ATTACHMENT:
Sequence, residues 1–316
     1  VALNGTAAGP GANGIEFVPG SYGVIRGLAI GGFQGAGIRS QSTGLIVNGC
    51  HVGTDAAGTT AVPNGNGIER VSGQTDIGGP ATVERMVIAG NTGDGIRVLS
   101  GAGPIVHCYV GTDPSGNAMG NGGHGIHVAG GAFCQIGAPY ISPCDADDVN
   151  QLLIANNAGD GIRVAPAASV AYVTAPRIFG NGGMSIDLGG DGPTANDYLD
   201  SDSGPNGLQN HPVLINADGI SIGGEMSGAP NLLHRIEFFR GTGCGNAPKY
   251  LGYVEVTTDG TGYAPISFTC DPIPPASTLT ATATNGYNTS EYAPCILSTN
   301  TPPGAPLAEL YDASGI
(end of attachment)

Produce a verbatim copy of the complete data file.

Sequence, residues 1–316
     1  VALNGTAAGP GANGIEFVPG SYGVIRGLAI GGFQGAGIRS QSTGLIVNGC
    51  HVGTDAAGTT AVPNGNGIER VSGQTDIGGP ATVERMVIAG NTGDGIRVLS
   101  GAGPIVHCYV GTDPSGNAMG NGGHGIHVAG GAFCQIGAPY ISPCDADDVN
   151  QLLIANNAGD GIRVAPAASV AYVTAPRIFG NGGMSIDLGG DGPTANDYLD
   201  SDSGPNGLQN HPVLINADGI SIGGEMSGAP NLLHRIEFFR GTGCGNAPKY
   251  LGYVEVTTDG TGYAPISFTC DPIPPASTLT ATATNGYNTS EYAPCILSTN
   301  TPPGAPLAEL YDASGI